Carrol Daily Times Herald from Carroll, Iowa on August 19, 1957 · Page 16
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Carrol Daily Times Herald from Carroll, Iowa · Page 16

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Carroll, Iowa
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Monday, August 19, 1957
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Page 16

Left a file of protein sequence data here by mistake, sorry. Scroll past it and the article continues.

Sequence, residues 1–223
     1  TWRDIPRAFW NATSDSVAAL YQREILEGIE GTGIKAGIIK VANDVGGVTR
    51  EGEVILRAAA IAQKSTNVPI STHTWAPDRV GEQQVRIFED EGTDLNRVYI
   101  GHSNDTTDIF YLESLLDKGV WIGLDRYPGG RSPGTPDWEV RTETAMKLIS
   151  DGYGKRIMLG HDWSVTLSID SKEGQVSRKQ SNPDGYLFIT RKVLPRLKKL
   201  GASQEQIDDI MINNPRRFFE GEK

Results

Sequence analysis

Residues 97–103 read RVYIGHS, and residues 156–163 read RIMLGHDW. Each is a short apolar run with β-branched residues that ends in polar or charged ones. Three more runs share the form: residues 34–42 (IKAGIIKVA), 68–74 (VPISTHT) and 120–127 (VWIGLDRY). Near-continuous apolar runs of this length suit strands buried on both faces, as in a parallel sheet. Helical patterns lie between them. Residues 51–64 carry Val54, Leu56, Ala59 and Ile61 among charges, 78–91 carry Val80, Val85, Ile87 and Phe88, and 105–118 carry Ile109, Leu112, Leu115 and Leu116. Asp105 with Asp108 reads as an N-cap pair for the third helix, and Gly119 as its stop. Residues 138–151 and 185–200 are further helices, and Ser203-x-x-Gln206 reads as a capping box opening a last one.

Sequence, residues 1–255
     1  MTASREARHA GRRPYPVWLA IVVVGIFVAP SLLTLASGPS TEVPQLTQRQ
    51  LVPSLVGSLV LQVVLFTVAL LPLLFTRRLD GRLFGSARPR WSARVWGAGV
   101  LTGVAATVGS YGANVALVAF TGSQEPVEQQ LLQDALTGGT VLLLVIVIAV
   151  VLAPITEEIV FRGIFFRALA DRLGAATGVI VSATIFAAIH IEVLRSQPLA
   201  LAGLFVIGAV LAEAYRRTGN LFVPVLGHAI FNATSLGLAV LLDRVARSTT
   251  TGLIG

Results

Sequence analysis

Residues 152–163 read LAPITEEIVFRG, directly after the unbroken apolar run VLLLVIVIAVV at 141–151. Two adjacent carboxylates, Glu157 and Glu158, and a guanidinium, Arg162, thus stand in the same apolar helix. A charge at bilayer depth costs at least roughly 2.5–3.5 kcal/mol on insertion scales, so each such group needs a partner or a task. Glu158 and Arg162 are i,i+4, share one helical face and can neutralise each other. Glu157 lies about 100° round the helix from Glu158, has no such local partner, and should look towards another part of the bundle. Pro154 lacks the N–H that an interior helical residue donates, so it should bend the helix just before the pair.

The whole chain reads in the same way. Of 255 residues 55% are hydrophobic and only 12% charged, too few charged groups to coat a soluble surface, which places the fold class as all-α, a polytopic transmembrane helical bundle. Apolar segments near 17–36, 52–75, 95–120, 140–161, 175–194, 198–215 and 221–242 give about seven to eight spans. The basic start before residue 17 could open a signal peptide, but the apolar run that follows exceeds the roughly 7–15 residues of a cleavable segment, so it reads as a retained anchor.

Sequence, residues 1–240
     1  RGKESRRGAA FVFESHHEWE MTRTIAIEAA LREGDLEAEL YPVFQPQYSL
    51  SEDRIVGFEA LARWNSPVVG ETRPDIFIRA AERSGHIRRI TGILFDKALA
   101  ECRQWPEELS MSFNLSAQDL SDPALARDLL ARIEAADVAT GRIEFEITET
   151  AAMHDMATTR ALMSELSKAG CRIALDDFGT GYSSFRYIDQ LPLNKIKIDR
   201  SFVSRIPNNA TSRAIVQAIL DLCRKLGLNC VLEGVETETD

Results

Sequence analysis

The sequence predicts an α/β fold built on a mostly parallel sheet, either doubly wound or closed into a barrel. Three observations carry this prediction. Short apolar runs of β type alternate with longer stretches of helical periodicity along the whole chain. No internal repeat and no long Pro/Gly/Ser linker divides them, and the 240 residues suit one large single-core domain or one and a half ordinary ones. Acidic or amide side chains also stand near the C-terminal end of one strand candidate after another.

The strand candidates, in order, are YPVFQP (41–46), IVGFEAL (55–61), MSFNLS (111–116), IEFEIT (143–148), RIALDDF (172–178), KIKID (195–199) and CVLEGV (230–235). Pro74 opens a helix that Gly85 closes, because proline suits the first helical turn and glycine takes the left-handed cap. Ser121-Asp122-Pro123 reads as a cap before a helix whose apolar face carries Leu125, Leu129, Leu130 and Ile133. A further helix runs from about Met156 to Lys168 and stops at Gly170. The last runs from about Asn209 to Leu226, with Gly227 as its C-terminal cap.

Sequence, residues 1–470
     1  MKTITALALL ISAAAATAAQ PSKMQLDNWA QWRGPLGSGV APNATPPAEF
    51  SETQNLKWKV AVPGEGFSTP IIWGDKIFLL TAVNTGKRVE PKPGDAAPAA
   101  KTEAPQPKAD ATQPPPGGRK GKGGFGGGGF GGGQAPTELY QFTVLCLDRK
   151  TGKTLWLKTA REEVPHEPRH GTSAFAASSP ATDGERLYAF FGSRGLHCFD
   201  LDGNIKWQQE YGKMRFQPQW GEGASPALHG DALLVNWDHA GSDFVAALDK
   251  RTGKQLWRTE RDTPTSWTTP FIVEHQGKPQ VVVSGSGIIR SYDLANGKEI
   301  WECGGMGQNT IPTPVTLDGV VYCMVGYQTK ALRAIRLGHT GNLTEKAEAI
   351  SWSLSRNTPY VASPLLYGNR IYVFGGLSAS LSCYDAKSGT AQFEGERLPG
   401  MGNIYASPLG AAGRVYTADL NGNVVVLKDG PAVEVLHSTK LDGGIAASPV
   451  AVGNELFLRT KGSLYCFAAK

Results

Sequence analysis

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T-Sgt. Vasos in Unique A.F. Unit- He/ps Correct World's Dom Called Larger Plan » YANKTON, S.D. <#— Completion Tech Sgt Charles G. Vasos, son wth data taken from ground sur-1 November. 1945. he re-enlisted in of Gus Vasos of Carroll, recently veys. ships' logs and explorers' j 1950, T-Sgt Vasos holds the Good; _._. ._. c reported for duty with the 1370fh notes. Today, spurred by a press-;Conduct ribbon, the Americart and; 0 f Gavins Point Dam is "a major Photo - Mapping Group. Pal riving need for accuracy to permit "European Theater American De- ; s tep forward in a much larger plan Beach Air Force Base, Fla. T-Sgt.; precise navigation by high-speed i fense, Korean Service and United j f or the Missouri River Basin," to the .aircraft, the 1370th locates land j Nations ribbons. Dewey Short, assistant secretary of the Army, said Sunday. Beach Vasos has been assigned 1370st Mapping and Charting masses accurately with its unusu-. Squadron, one of the four squad- al, up-to-date methods. • rons in the group, as a personnel A? a member of this group, T-; technician. : Sgt. Vasos is eligible to wear the With his assignment to CHAPTER PICNIC (Time* 6 tfm«s Herald, e*frell, fewt Monday, Aofl. 19, 195? Short, addressing some 10.000 persons at the official dedication MANNING - Manning's FFA ! O f the dam and its reservoir, Lew- fh e .USAF Outstanding Unit Citation chapter will hold its annual picnic < js and Clark Lake, four miles west nhoto-maonine'group T-Sgt Vasos ;for the len g tn of his assignment. Aug. 18 at Swan Lake at 7 p.m. O f here, stressed the. importance loins one of the most unique units The 1370th received the award forj Committee in charge is Dick Bow- of water as a natural resource. JIN I If Vyll^- Vil'tv, -1 _ ' Ji _ _»_ j._: L*.*+l >*.• & n j»l«< A*.***U JKH( in! Y"% _ 1 _ -^ J T.~. ^ u *. /"*1 ttt C7i A *&**&* A** ' achievement in ers. Roland Joens. Cliff Stammer in Air Force historv This organi- it? meritorious ration is correcting the world's! completing the North Atlantic Ge-j and Glen Ahrendsen. " ! odetic Tie. ! geography, using the most mod- : . _ .,,.,, ern electronic devices known to! T-Sgt. Vasos, a 1938 graduate ofi Maybe it serves you right—this man. Until this time, maps, charts Carroll High School, joined the! is the hot summer you were wish- and globes have been compiled Air Force in 1941. Discharged in ing for last winter. PENNEYS go back to school with smartest togs.. .from Penney s! tizes small, medium, Urge, extra large 'Universit" Buckle-Back Flannel Penoey's buckle-back slacks give you that slim, tapered look. They're meticulously tailored, proportion fitted . . T and Bhe fabric . . . it's nothing short of the richest flannel we've ever had. Come in today, try them on, you'll like the look, the fit, the price! 995 Sizes 28 to 36 TAKE PENNEY'S MEN'S AND BOYS ORLONS they're fine guage interlock knit for more rugged wearl 498 ^^ MEN'S JR. BOYS 3.98 2.98 Sizes: Small, Medium, Large Extra Large BOYS' Sizes 10 to 18 Sizes 4 to 8 Penney's Orion slipovers are cashmere-soft . . . iron-strong . . . brilliantly colored, Hand suds, dry without blocking . . . they won't shrink, stretch or fuzz . . . they'll be new 'n fluffy each time. TAKE PENNEY'S FAMOUS FASHION ORLONS every inch "lab" tested for quality that won't wash out! SHORT SLEEVE SLIPOVER ... Sizes 7 to 14 CARDIGAN 7 to 14.... Jr. Girls' Slipover 1.98 Size* 3 to 6x 398 4.98 Jr. Girls' Cardigan 2.98 Siz»* 3 to 6x Cardigans and slipovers, turbo hi-bujk knit of Orion. They suds color fresh,, fluffy new, INFANT* ORiON 5WIATERS trini orlop, jurbo hi- for wash without shrinjk university Button-Down Shirts Sensational, the way these Penney-^hirts give ym that "Campus swagger" look!' Tailored of miniature tartan plaids, stripes . , .all woven, thru cottons . . . ai with 3 button collar, box pleat back. Completely machine washable. "We can no longer treat (water) as an inexhaustible resource and allow it to run untamed and wasted into the seas," he said. "Failure to harness and conserve this resources invites disaster." Referring to Gavins Point as the 'mighty mite" of the Missouri River dams, Short said it is the last dam to control the Missouri' above its mouth, One of the dam's chief functions is to smooth out the pulsating caused by power generating 70 miles upstream at Fort Randall Dam, near Lakes Andes S.D. Thousands of visitors from Iowa, Nebraska, South Dakota, Minnesota and other midwestern states toured the Gavins Point power house, which was opened for public inspection. The structure contains three generator turbine units with a combined capacity of 100,000 kilowatts of electricity. BOTTLE BABY With the aid of a doll's 'bottle, Howard Lormer starts a hare-raising experiment at his Paramus, N.J., home. The nine-year-old youngster found the newly born rabbit, apparently abandoned, and Is raising it on milk. Honor Mrs. Thies Who Is Moving to Whittemore Aug. 21 (Time* Herald News Service) WALL LAKE—The Just Neighbors Club held a no-hostess party Wednesday evening in the home of Mrs; Frank Richardson in honor of Mrs. Gertrude Thies, who is moving to Whittemore Aug. 21. She w'as presented with a gift from the group. Dr. and Mrs. A. A. Blum, Joanell and Richard; have returned from ; a week's vacation in northern Minnesota. Mr. and Mrs, William Freeman and David attended a family picnic siipper Sunday in the Richard Bettin home near Lake View complimenting Mr. and Mrs. Glenn Rutherford, who were married Saturday; Mrs. Rutherford is the former Mrs. Louis Haradon of Early and Mr. Rutherford is the former Wall Lake night watchman. They will reside in Independence. Mr. and Mrs. William Newby and._M.r,. and Mrs,_.Art_Greve and Alvin attended a picnic supper Sunday in the Fred Finger home near Odebolt honoring their daughter, Lavonne, on her birthday. 'Sunday callers in the William Newby home were Herman Weber and daughters, Yvonne of Waterloo, Betty, Judy and Nancy, Mr. and Mrs. Fred Finger and Lavonne of Odebolt and Leonard Boisen of Cherokee. ' A party was held Friday evening at Mt. Carmel in honor of ;he 84th birthday of Mrs. Joe "fees. Those present were Mr. and Mrs. Carl Nees of Early. Mr. and Nees and Mr. and Mrs. Vincent Gehling and family of Carroll, Mrs. Dora Olberding of Odebolt,Mr. and Mrs. Frank Nees and family of Marathon, Mr. and Mrs. Clayton Daniels and daughter of Glidden, Mr.- and Mrs. Herman Henkenius and son of Massena and Mrs. Emma Schoneboom. Mrs. Nees has 14 children, all living. 58 grandchildren grandchildren. and 70 great- Marcus 'Lange returned home Saturday from the Carroll hospita where he had been a patient four weeks. Mr. and Mrs. Adolph Bro derson of Randolph, Neb., were dinner guests Saturday in the Lange home and Mr. and Mrs Elmer Lange and family of Ode bolt were Sunday evening visitors Margo Phillips of Mapleton is spending this week in the Ray mond Stock home while her par Cnts, Mr. and Mrs. Vernis Phil lips, are on vacation. Press Hunt for Gunmen Who Killed Policeman MINNEAPOLIS til *•' Polled | §6 his partner, Ward Canfield. 35, studied mwgef clues as Det«stivfes i Saturday night as the patrolmen and volunteer off duty patrolmen pressed the hunt Monday for three brutal y6ung gunmen for the slaying of a policeman and the critical wounding of another. sought, to halt a ear bearing stolen license plates. Several shots were fired during a chase. the gunmen's car struck a parked vehicle. They opened fire Time Out in Hot Weather Fo r Workers Three men were taken into cus-1 on Possum and Canfield as they today and questioned as Minneapolis police, aided by state authorities,'halted cars to question occupants. Selective Inspector Charles Wetherille said there was little evidence to link the three leaped from their car. Possum dipped wjth a .38 caliber bullet in his head. Canfield fell with a bullet in his abdomen. One of the gunmen attempted to shoot Canfield again as By HARRISON Dally Press Assn. Writer) DBS MOINES - Hot rfiuggy weather has caused at least three state departments — conservation commission, liquor control commission and commerce commission — to let their employees he lay in the street, but missed. The gunmen jumped into the car men held with the shooting. Partner Wounded The gunmen killed patrolman I the y struck a" d drove over Can Robert H. Possum, 31, and wound- field a « thfi y fl ^The officer was reported in Mrs. Leon Nees and family of Marathon, Mr. and Mrs. George Leonard Pfannkuchs Leave on Vacation Trip to West Coast (Tlme« Herald Jfewii Service) AUBURN—Mr. and Mrs. Leonard Pfannkuch and family left Wednesday on a three-week vacation in Colorado, California and Oregon, _Mr. and Mrs. William Richardson and Mr. and Mrs. Robert Ditzel and son of Auburn and Mr. and Mrs. Dean Vogel and daughter of Cedar Rapids were dinner guests, Sunday of Mr. and Mrs. H, N. Ditzel at Lyttoh. Mr. and Mrs. Kenneth Whipple and daughter, Betty Jean, of Cedar Rapids have returned to their home after a .week's visit with tier brother-in-law and sister, Mr. and Mrs. J. L, Hanks. Leonard Hamilton of Omaha, was a weekend guest in the home of his mother, Mrs. Ruby Hamilton. Mr. and Mrs. Lester Mohr and family of Lake City were Sunday afternoon visitors. Sr, Frances Xavier To Teach at Salem, Oregon/ This Year <Tlm« Herald N»w» Service) DEDHAM-Sr. Frances Xavior, the former Rosalia Seidl, daughter of Mr. and Mrs. John B. Seidl, spent from Saturday until Wednesday here with her parents and other relatives. On Sunday evening a family picnic was held on the John B. Seidl lawn at 5:30 in her honor. Present were Mr. and Mrs. Everett McCord of Colo, la., Mr, and Mrs. Frank Vasquez and children of Des Moines, Mr. and Mrs. Ambrose Haubrick and family, Mr. and Mrs. Bernard Greving and family, Mr. and Mrs. Clarence Rothmeyer and family, Mrs. Anna Roderick and Ronald, Mr. and Mrs. John Seidl and Danny Balk. She left Wednesday for Salem, Oregon, where she will teach at the New Sierra Catholic High School the coming year. Mr. and Mrs. Norbert Sturm. Mr. and Mrs. John J. Seidl and Mr. and Mrs. Joe Tigges spent from Saturday until Monday vacationing at Lake Okoboji. Mr. and Mrs. Joe Haubrick Sr,, Mr. and Mrs. Joe Haubrick Jr., Mr. and Mrs. Bernard Ankenbauer, Ambrose Haubrick and Mr. and Mrs. Fred Ankenbauer attended the funeral of Mrs. William Pfieffer at Coon Rapids Monday afternoon. A family picnic dinner critical condition Monday with the bullet wound and a crushed chest, broken collarbone, fractured pelvis, dislocated hip and broken right knee suffered in the gun men's attempt to kill him with the car, The gunmen, 18 to 28 years old, abandoned the car about a block away and ran into a filling station where they pulled Mrs. Frances Langford from her car and fled in it. About two blocks away they abandoned the Langford machine and commandeered another car occupied by Mr. and Mrs. Alvin Anderson, Minneapolis. « Release Woman They pulled Anderson from the car, threatening to kill him and took Mrs. Anderson hostage. She was released several blocks away, unharmed. The Anderson,car was later found abandoned. Police recovered a hat from the first car, a high powered rifle, several rounds of ammunition and a pistol cartridge box bearing a store price tag. A bag of roofing nails, Army type surgical bandages, and three pieces of sheet steel, apparently used as armor plate, also were found. Wetherille said he believed the trio may be the same men who held up a Minneapolis drug store July 27 and escaped with $1,600 cash. WOMEN'S GUILD MEETS (Times Herald News Service) WESTSIDE — The Women's held Sunday at Graham Park in Carroll for Pvt. Jerome Wiskus who will leave for Carrizozo, Mexico soon. Present were Mr. and Mrs. Joe B. Wiskus^and family. Mr. and Mrs. John Wiskus and family, Mr. and Mrs. Ben Wiskus and daughters, Mr. and Mrs. Eugene Wiskus and daughter, Mr. and Mrs. John Weitl, Fred- and -oletta Wiskus, Mr. and Mrs. Joe H. Brincks and family, Mr. and Mrs. Richard Oxenford and 'amily. A group of relatives was enter- ained at a picnic dinner Saturday svening on the lawn of the home of Mr. and Mrs. Alois Schreck. 'resent besides Mr. 1 and Mrs. Ichreck, Jeanie Kay, Steve and Jruce were Mr. and' Mrs. Don Valsh, Michael and Patty of Des Hoines, Mr. and Mrs. George Schreck, Robert and Doris, Mr. and Mrs. Andrew Schreck, Carol, Mary, James and Johnny. Guild of the St. John's Evangeli- w ? s ical and Reformed Church met Thursday afternoon in the church basement. The meeting opened with quiet music by Irene Rohwer. The opening thought was given by Mrs. Dora E. Kruse. The hymn "Open My Eyes That I May See," was sung in unison. Mrs. Fred L, Kruse read the scripture lesson, followed with "meditation by Mrs. Reynold Hagge. The program "The History of 'Our Church" was given by Ella Rohwer. The history of the local church included a display of quilts and articles made by various groups, pictures of showers and members of the groups. Mrs. Kruse gave the closing prayer. The meeting was conducted by the president, Mrs. Willis Petersen. Mrs. Irwin Thiedeman and Mrs. Arthur Schoessler gave a report oh their trip to conference at Crete, Neb. Refreshments were served by the hostess, Mrs. P. W. Schoenjahn. Where there's fun, one, two, just snap and you're 3 thru ... plain or buckle bock* and so modestly priced at Penney**! PENNEY'5 TOWNCRAFT® Snap... flip,;, snap,, that nifty Talon Shu.Lok® works like a charm everytime •' Small wonder these streamlined Towncraft Oxfords have caught on from kindergarten thru college! Finely crafte<j exclusively for Penney'a of smooth, hi-shine black leather • welting, Sanitized® linings, *isff»*%t9i*' 8.95 a * * 6,95 afternoon off about a dozen times this summer. The liquor commission and conservation commission are both located in the old "lab" building just west of the statehouse. The commerce commission is housed in the old Amos Hiatt school building which is just south of the state office building. The commerce commission building, lab building and statehouse are not ail conditioned. The state office building is air conditioned. The conservation commission recently took advantage of this by holding its meeting in the state office building instead of the lab building. Liquor commissioner C. J. Burris (D), Maquoketa, said employees in his department have been very co-operative about the whole matter. He said they have worked late on several occasions to get the work done. Burris said the commission was afraid that some of the girls would pass put in the building and the commissioners felt it was cheaper to give the employees the afternoon off rather than to have some off work several days because of the unbearable heat. The former representatives said he felt more and more legislators were acquainted with the heat problem and that he has high hopes that an appropriation will be made by the next legislature to provide for air conditioning. Commerce Commissioner John Ropes (R), Onawa, said the commerce building, which at one time was condemned for school purposes, is air-conditioned in the winter time —"the wind blows right through the place," he quipped. However, in the summer, just the opposite is true as the temperature inside the building is about ten degrees warmer than outside. Ropes said he didn't think it would cost too much to air condition the building. Bad Checks The use and sales tax division in the tax commission has'' run into a rash of bad checks recent- Jbhn Harper, superintendent of assessments and collections, said merchants on the whole have been very co-operative in remitting the sale,s tax to the commission. For about four years the commission had the policy of telephoning merchants to tell them when they had insufficient funds to cover the amount of their check to the commission. The commission thus afforded them the opportunity to make the check good. This was satisfactory to a certain degree since it eliminated a lot of red tape. However, the commission was racking up a $200 telephone bill each month in calling the merchants. On July 1 the commission ordered the sales tax department to place all of these calls on a collect basis. If the party refused the call then a penalty 'was assessed. Naturally, it was better for the person to accept the -call than have the penalty assessed. Harper said ht is receiving about 100 checks a week and that only two persons have refused to accept calls since the rule went • into effect. Tax Exempt? The state tax commission may ask the attornej general for an opinion on whether custom corn drying is exempt from sales tax under a bill passed by the last legislature. Some individuals go from farm to farm using equipment to dry the corn after it has been stored: Some co-operatives also hire these individuals .periodically to dry corn they have stored. The commission may also ask the attorney -general to rule on whether liquid petroleum when used for turkey and chicken brooding purposes and also for water warmers and heating stock tanki falls under this statute. Incidentally, the tax commis* sion has had more inquiries about this law exempting fuel used in tractors and Bother farm equipment from the sales tax than it ha£ on the sales tax reverting from 2% to 2 per cent. Plain or buckle-back emarties a mighty soft life on cushiony crepe soles! Cool black and white combination in smooth* leather with' black; soles, s also |rey, black suede for a look of continuity* and firm ^ stepping. (They praictjiq|lly,gjy[ajs(»St«e slipping.) They adapt w^njerl^ly ' outdoor life,, qampuil Uff> fttyff IBQN-CLAD VESSEL Admiral Yi Socn'Sin of Korea designed what some Historians believe to b>. the world's first Ironclad vessel. Called the "Kohbook- Spn," or Turtle Ship," it was a ao-oar rowing galley. NOT PLANNED 'The slant of the leaning Tower of Pisa, was not planned, It sank into the soft earth on which U stands during the 300 years it was being" built. The tower began to lean until it wan 16% feet out of line; and has tipped one foot in the last hundrfcl years ajione. YIELD v : Frpoj ?o to $2 Ions of wet seaweed yield a ton of kelp, jn which 19 / to 13 percent '!« potassium sul- Phatt and i to 6 per cent is iodine, according to the Encyclopedia Britannlca, ^ DEATHS* 1907 ifc iOW v